Herod’s response to the birth announcement? Plot murder. That child must be devoured! “Go find the baby,” he directed the visitors from the East, “and bring me word, so that I can go and worship him, too.” Herod sent them after names, addresses, physical descriptions. Would the wise men get caught up in the dragon’s doings?
Herod was one in a long line of agents of the dragon. The line stretched back to people like Pharaoh, king of Egypt, who enslaved all the Israelites, who ordered all Israelite boy babies to be murdered. And there was Nebuchanezzar of Babylon and his fiery furnace. As Jeremiah the prophet put it in chapter 51, the inhabitants of Zion, Jerusalem shall say, “King Nebuchanezzar of Babylon has devoured me, he has crushed me, he has swallowed me like a monster…” And there was Darius, king of the Medes, and his pit of devouring lions. History is full of these characters.
In John of Patmos day, Rome was a great beast and its emperors agents of the dragon, bearing names like Caligula, and Nero, and Domitian, and under them, Christ’s children paid for their faithfulness to him. They were despised, rejected, denied economic opportunity, and yes, at times, literally devoured by wild beasts.
In every age, the dragon has its agents. In our living memory, they have borne names like Hitler, Stalin, Pinochet, Milosevic. And don’t forget all the non-famous people that do the dragon’s bidding, preying on others, making life miserable for others, gobbling them up economically or emotionally if not literally.
The dragon doesn’t always roar, though. The ancient serpent is always crouched nearby. It slithers into every heart, where it drums up arrogance, hatred, cynicism, destructive thoughts and attitudes of all kinds. “I’m not the problem,” its victims say. “Its those other people those people who…” you fill in the blank. The dragon loves to get people thinking that way. It smacks its lips. And it knows that even if these people don’t actively support the big monsters, they can easily be persuaded to look the other way.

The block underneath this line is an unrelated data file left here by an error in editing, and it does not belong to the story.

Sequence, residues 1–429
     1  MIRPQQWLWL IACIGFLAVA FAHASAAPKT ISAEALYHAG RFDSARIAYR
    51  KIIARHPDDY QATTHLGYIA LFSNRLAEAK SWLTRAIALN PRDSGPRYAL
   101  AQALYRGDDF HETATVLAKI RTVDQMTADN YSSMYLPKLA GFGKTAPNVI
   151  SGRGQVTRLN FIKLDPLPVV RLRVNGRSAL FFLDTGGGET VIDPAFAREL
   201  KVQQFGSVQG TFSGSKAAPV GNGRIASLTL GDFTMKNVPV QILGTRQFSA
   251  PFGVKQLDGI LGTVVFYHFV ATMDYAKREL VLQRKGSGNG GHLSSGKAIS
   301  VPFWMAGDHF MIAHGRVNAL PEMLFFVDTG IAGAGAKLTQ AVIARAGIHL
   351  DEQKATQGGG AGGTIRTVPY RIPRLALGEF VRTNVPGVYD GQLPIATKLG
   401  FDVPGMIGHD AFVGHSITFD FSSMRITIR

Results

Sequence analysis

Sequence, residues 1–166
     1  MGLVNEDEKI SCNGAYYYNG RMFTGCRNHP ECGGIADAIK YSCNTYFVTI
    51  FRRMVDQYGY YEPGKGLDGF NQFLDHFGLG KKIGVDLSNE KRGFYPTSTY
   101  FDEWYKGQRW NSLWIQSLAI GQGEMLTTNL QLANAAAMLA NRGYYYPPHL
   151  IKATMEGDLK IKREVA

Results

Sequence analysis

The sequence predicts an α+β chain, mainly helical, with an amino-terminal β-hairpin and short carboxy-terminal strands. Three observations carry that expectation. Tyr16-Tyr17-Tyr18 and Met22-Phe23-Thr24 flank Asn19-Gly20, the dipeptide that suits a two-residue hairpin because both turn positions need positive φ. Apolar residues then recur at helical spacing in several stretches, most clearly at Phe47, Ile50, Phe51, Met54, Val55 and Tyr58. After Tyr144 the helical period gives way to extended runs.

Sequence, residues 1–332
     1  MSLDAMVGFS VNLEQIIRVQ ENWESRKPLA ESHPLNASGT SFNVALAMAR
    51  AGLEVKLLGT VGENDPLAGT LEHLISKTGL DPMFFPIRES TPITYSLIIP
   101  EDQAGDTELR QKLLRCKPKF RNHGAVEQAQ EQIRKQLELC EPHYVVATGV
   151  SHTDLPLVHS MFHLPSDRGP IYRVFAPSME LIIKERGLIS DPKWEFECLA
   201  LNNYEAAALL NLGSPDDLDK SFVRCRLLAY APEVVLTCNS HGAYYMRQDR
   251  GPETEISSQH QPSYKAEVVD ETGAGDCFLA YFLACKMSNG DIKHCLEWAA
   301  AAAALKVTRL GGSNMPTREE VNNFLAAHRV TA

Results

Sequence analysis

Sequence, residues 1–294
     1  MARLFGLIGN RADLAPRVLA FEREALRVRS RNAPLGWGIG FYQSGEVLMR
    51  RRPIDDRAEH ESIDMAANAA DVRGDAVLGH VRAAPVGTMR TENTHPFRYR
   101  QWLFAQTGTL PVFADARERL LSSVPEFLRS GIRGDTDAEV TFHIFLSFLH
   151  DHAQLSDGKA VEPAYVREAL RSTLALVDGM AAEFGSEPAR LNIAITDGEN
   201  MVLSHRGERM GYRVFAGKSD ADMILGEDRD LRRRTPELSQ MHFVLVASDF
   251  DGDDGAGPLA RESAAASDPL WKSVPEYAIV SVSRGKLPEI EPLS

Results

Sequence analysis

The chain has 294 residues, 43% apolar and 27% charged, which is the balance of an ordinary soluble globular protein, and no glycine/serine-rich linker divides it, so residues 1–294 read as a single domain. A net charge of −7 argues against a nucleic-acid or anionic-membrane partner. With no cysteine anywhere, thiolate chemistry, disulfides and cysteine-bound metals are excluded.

There is no question. That dragon is still around, and it can still drag the stars out of the sky. There is SO MUCH PAIN as we approach Christmas this year. In John of Patmos’ day, Christ’s people mourned the suffering and deaths of the faithful. Some lost heart. Some went through the motions of bowing to Rome and pledging divine allegiance to the emperor. But as far as John was concerned, that was the same as meaning it. It still betrayed Christ. It still amounted to cooperating with the dragon!
Thanks be to God, the wise men didn’t cooperate! They took themselves out of Herod’s scheme. Deep in their psyches from whence dreams come, the wise men heard a warning from God. They dreamed. Did they perhaps dream of a dragon, crouched to devour a child? Who knows?
Joseph and Mary also heard the word of the Lord in a dream and snatched the infant away from Herod to safety in Egypt. Now, the dragon didn’t get Jesus that time. But didn’t it get him eventually anyway? Look at the gospels. The dragon was always crouching nearby. Early on Jesus’ opponents began plotting to destroy him. And at Calvary they got their wish. These agents of the dragon mocked Jesus, beat him and condemned him to a gruesome death. The dragon got Jesus in the end, right?
WRONG! Says the Christmas vision in Revelation, which is also the Easter vision. God snatched this precious child away, God snatched this shepherd of all the nations away from the dragon and raised him up to the very throne of God, to reign forever and ever. When Christ Jesus walked into the dragon’s mouth, God resurrected him and lifted him up to rule over the universe.